Mario Huelga, the INS agent whose signature appears on the two above-described forms, submitted a declaration on behalf of the Government. Huelga Dec'l (Dkt. 21). He states that he has no “specific or general recollection of any interactions” with Arteaga, but that he recognizes his signature on the NTA and the Notice of Rights. Id. ¶¶ 3-4. He states that during this period it was his practice to “advise the [noncitizen] of the information in the Notice of Rights, including that he was arrested because he was believed to be in the U.S. illegally, that he had a right to fight his case at a hearing before the Immigration Judge, a right to an attorney, and a right to contact the consulate of his country of origin, ” then ask the noncitizen whether “he would like to fight his case or whether he would rather be deported as soon as possible.” Id. ¶¶ 6-7. Then, “[d]epending on the answer, it was [Huelga's] general practice to either mark, or have the [noncitizen] mark, one of the three boxes in the Request for Disposition.” Id. ¶ 7.

         Arteaga then appeared before an immigration judge (“IJ”). Arteaga Dec'l ¶ 9. Arteaga recalls that:

There was a lawyer there in the courtroom. I do not remember if I ever heard his name. I do not believe that the judge asked me if I was represented by the lawyer or if I wanted to be represented by him. I do not believe that I ever signed anything accepting his representation of me. I did not contact any lawyer prior to the hearing, and I do not recall meeting with any lawyer prior to the hearing. I did not discuss my case or my rights with any lawyer and, to the best of my recollection, the lawyer at the hearing that day was simply there when I arrived at the court. I did not knowingly authorize the lawyer to waive any rights that I might have to stay in the country, and the lawyer never talked to me about any rights I might have to stay in the country.

Id.

         Huelga recalls that it was his “general observation that a pro bono attorney would be present in the courtroom [during immigration court proceedings]. It was [his] observation that, prior to the [noncitizen's] removal hearing, the pro bono attorney would meet with the [noncitizen].” Huelga Dec'l ¶ 12.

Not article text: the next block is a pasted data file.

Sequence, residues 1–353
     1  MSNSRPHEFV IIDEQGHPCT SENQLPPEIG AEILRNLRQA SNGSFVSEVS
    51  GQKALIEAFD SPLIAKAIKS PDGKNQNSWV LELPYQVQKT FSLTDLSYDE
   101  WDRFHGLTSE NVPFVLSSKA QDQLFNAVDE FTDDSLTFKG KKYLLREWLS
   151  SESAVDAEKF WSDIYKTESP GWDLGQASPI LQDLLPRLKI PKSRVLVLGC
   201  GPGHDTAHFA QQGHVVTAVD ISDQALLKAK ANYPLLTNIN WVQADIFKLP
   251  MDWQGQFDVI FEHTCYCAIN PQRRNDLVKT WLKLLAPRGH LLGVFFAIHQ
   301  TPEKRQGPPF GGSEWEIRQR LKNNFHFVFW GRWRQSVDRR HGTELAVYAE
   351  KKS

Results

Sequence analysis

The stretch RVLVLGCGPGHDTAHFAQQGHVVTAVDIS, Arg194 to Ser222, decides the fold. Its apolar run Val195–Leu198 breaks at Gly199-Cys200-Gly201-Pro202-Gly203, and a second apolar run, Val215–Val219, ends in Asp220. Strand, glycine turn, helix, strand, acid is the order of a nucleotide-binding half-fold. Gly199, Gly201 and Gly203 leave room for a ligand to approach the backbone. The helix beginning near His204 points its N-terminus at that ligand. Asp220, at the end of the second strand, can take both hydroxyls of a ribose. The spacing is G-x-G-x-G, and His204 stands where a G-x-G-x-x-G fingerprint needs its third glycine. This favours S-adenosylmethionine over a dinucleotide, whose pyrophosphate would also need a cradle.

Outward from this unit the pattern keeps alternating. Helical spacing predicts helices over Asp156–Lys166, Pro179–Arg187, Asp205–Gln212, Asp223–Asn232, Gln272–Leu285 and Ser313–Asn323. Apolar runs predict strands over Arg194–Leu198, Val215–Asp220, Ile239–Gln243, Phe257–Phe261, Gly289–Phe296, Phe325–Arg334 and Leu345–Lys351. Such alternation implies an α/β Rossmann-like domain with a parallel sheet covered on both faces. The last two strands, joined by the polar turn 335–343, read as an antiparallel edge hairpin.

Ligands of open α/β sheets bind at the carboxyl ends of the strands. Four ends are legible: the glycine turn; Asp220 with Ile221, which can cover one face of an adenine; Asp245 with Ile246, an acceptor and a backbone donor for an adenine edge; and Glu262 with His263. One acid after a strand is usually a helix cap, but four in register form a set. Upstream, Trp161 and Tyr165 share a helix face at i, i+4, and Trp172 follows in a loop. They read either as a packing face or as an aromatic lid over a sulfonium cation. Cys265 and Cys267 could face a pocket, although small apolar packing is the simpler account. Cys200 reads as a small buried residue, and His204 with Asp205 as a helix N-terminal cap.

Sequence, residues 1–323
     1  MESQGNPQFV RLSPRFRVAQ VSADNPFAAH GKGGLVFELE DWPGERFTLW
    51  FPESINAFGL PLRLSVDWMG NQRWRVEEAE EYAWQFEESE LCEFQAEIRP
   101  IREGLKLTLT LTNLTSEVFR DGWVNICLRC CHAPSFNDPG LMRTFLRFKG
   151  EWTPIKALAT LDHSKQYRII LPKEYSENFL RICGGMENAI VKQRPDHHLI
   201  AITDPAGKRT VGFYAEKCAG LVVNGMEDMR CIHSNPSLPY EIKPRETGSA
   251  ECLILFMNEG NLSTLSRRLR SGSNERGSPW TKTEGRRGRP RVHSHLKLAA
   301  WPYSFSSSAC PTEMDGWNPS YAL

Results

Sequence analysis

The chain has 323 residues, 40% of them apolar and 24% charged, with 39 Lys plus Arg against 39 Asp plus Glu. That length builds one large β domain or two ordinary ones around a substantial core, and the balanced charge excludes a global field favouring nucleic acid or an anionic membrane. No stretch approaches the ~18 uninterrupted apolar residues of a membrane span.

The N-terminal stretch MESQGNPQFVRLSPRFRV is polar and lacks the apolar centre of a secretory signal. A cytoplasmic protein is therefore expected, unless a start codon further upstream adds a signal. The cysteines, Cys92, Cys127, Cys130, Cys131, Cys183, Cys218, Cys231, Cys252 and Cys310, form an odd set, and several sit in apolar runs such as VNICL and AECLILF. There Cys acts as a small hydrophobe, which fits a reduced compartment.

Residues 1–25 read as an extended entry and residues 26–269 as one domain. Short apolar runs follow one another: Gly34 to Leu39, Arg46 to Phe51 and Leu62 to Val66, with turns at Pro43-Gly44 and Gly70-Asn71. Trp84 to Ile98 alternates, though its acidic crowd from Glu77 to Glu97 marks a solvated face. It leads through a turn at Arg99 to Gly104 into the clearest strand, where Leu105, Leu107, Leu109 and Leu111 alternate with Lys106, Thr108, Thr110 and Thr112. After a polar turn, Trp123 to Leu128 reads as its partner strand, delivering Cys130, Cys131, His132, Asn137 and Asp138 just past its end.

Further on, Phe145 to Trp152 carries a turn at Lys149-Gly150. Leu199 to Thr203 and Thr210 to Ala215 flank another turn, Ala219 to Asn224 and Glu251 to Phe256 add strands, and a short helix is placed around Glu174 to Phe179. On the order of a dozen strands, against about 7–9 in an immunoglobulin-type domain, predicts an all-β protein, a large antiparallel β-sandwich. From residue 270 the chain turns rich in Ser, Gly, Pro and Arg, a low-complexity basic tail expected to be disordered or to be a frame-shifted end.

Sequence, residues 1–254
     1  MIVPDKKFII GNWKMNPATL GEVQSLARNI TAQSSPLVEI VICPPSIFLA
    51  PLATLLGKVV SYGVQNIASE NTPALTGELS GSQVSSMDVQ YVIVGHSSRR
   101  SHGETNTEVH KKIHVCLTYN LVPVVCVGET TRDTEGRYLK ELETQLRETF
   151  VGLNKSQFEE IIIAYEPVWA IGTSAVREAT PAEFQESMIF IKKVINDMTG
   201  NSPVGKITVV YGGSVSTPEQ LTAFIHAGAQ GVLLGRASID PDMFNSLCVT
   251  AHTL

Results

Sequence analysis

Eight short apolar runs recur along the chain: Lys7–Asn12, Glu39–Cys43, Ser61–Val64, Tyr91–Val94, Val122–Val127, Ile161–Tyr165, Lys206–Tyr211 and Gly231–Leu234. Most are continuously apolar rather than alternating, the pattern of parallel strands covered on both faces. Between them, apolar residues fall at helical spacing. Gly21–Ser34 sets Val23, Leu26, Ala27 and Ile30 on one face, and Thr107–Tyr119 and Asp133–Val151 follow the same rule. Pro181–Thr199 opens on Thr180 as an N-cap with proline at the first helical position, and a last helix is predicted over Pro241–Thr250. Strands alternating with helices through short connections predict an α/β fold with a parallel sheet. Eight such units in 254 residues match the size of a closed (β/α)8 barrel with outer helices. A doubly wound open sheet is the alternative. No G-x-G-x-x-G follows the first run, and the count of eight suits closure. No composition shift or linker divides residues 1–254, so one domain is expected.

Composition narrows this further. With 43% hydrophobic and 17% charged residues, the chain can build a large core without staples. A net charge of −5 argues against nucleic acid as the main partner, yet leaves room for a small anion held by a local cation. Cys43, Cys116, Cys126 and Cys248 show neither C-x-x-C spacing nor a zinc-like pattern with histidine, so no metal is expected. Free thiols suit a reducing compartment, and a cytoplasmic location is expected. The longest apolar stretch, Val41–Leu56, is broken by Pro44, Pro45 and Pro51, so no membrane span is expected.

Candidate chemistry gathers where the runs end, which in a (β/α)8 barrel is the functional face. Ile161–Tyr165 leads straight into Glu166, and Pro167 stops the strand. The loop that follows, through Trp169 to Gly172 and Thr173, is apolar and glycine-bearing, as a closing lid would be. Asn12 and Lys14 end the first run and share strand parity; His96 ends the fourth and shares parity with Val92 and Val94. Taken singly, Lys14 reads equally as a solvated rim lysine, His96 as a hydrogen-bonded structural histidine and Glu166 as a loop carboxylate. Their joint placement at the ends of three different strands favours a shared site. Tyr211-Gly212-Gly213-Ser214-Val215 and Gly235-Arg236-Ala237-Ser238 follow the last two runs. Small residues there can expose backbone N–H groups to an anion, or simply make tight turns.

Arteaga's current attorney attests that, having listened to the recording of Arteaga's hearing before the IJ:

[T]he immigration judge asked the one attorney who is present in court, purporting to represent all the respondents at the hearing that morning, to state his appearance. The attorney's response is not audible. However, throughout the hearing, the immigration judge can be clearly heard addressing that attorney as ‘Mr. Guajardo.' That lawyer purported to waiver each and every right of each and every respondent in court that morning. That recording also demonstrates that the discussion between the judge and the lawyer regarding the waiver of Mr. Arteaga's right to appeal was not translated into Spanish.

         Blank Suppl. Dec'l ¶ 2 (Dkt. 19); see also Blank Dec'l ¶ 6 (“Some but not all of the IJ's statements were translated into Spanish.”). Despite the attorney's statement in the hearing, Arteaga's immigration file “does not include the necessary form for any lawyer to have filed in order to appear in court on behalf of Mr. Arteaga.” Blank Dec'l ¶ 6.[2]

         The IJ ordered Arteaga removed, Blank Dec'l ¶ 6, and Arteaga was removed on April 25, 1997. Arteaga then re-entered the United States and was again removed in 1998, 2001, 2006, and 2012. Id. Each of these subsequent removals was pursuant to a reinstatement of Mr. Arteaga's original 1997 removal order. Id. The Government also contends that he was also removed in 1997 under the name “Carlos Dorre-Rodriguez, ” based on fingerprint matching, and similarities in background information. Opp. at 5; Lucas Dec'l Exhs. 10, 11. Arteaga responds that the Government has not averred ...